Thursday, October 19, 2006
On Saturday, The UN Saturday council unanimously approved a series of economic sanction on North Korea, the leader of which recently announced a series of nuclear tests. It has further terrorized the harried U.S. citizens, who are currently facing the nuclear advent of Iran. To a citizen on the West coast, the sanctions sound like a providential deliverance, but can they offer adequate protection to our beleaguered nation?
Let us first examine North Korea’s current situation. According to Times magazine, under the leadership of Kim Jon Ill North Korea is a state of constant decline. In fact, it relies on foreign aid to contain a nationwide starvation, the funds of which a subject to misuse; Jong Ill used over 1 billion dollars of United States relieve funds to construct monuments of “the glorious leader” across the nation. In practice he as your classical tyrant that cold war witch hunters label as “un-American”, brutal and nefarious.
As their financial situation was, they were exceptional in their military power. However, North Korea recently chose to expand further by developing nuclear weapons. With their geographical location, N. Korea is fully capable of attacking the West Coast with ease. Alarmed, the nations attempt to first negotiate and now with sanctions, hoping to control the situation.
What the United Nations missed is North Korea’s motive: What is it that makes the country build missiles instead of growing wheat? Simple. With these missiles, the nation is now a threat to anyone within its missile range. As the last of the old-liners in the communist revolution, it holds onto the dream to ‘unite’ the world’s workers (more like the world itself) under the red flag. Thus armed with the missiles, North Korea is ready to open the can of Asia domination and assault its contents at its leisure.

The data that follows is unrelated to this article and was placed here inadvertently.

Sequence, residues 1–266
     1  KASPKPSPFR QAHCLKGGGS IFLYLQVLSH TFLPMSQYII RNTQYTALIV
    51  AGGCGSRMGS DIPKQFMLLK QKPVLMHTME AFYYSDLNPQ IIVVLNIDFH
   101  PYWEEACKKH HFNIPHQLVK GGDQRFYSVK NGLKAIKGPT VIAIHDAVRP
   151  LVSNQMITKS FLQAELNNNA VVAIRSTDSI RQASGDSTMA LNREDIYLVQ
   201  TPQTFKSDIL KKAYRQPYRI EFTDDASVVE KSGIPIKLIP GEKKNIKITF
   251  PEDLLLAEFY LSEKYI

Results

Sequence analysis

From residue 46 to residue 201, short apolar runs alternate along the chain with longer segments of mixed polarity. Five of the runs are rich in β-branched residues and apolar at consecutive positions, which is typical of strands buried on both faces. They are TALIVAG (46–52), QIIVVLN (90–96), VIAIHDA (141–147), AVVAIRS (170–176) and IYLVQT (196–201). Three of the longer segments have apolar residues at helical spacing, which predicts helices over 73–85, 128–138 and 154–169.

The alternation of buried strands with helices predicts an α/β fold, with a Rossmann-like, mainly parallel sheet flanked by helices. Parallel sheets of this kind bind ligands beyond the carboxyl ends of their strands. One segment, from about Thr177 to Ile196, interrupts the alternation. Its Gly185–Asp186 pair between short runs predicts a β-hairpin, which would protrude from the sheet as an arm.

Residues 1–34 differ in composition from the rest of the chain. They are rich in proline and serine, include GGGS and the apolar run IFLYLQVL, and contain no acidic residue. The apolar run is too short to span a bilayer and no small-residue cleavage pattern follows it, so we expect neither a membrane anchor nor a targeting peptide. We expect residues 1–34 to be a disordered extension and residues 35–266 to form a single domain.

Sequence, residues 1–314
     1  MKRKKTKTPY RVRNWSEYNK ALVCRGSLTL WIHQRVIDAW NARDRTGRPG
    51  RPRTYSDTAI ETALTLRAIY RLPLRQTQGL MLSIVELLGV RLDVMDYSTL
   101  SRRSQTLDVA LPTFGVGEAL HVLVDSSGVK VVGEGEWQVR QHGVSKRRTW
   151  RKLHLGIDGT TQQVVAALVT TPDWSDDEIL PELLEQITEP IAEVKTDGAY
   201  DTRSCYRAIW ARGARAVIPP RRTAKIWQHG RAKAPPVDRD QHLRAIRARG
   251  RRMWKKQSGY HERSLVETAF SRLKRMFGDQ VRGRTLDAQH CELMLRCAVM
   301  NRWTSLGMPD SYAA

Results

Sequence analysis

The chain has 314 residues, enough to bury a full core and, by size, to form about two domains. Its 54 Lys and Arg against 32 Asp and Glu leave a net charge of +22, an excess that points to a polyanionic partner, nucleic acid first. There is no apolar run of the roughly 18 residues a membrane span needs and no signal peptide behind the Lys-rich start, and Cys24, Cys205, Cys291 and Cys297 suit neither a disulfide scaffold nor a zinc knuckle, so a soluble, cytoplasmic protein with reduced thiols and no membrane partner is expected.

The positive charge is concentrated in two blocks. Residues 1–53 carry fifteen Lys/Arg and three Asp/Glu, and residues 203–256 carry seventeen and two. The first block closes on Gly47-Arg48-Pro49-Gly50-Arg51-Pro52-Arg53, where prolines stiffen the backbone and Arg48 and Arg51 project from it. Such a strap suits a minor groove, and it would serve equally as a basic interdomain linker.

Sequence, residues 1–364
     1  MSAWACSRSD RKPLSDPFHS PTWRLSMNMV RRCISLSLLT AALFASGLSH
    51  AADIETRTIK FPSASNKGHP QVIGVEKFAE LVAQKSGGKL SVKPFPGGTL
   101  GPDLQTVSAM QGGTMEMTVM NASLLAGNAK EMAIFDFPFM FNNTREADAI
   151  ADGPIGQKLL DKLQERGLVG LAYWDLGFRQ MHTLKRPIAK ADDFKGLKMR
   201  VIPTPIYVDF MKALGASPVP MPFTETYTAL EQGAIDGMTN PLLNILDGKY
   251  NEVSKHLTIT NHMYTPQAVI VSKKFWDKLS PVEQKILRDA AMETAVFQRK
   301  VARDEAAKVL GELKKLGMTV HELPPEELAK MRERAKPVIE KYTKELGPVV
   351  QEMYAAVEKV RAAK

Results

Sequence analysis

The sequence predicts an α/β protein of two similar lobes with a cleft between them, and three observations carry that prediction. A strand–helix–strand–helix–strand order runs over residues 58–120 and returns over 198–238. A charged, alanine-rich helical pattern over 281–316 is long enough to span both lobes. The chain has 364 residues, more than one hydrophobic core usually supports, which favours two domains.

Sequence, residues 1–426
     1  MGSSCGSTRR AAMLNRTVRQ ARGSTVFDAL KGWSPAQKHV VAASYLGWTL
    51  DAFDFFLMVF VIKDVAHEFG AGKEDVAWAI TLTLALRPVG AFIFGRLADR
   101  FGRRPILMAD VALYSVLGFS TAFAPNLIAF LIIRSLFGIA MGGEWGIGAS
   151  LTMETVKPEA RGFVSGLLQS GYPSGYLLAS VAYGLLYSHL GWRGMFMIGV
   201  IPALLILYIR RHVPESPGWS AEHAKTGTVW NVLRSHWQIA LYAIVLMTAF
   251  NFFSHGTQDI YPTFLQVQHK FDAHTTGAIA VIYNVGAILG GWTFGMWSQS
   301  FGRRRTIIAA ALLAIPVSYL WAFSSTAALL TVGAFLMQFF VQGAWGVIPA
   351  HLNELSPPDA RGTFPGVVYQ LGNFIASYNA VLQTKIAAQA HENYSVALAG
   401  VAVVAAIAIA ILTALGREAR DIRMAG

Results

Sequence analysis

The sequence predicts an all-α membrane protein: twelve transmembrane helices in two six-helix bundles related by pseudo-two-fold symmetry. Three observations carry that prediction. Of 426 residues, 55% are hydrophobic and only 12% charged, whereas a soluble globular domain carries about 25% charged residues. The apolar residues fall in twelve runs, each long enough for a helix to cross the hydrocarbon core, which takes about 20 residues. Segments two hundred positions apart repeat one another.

But does the nation really dare to use its new toys? As the old adage goes, any country that dares to fire a nuke is going to be literally leveled by everyone else. If we put North Korea’s advent in this perspective, we must logically conclude that North Korea is simply claiming its place with the “big boys” on the block, who are all holding their respective nuclear cherry bombs and afraid to light them. The only conceivable way that North Korea can use the missiles is as a downgraded bargaining chip, holding others at bay with the threat of trading its bomb building techniques with other nations.
In short, the “bully” is suffering only a case of insecurity. While seeming dangerous, there can be positive outcomes. As North Korea’s neighbor, China can strengthen its standing among the nations and bolster its name with civil rights groups by stopping all energy shipments and opening its borders, allowing refugees to flood across and weaken North Korea’s production capability. Combined with NATO- assisted blockades, the nation will be forced to give up from hunger, ending the conflict before further escalation. With calmness and tact from both citizen and leaders, the bombs will become an empty threat, allowing for a final resolution at the conference table, and not the battlefield.
Truth, freedom, knowledge.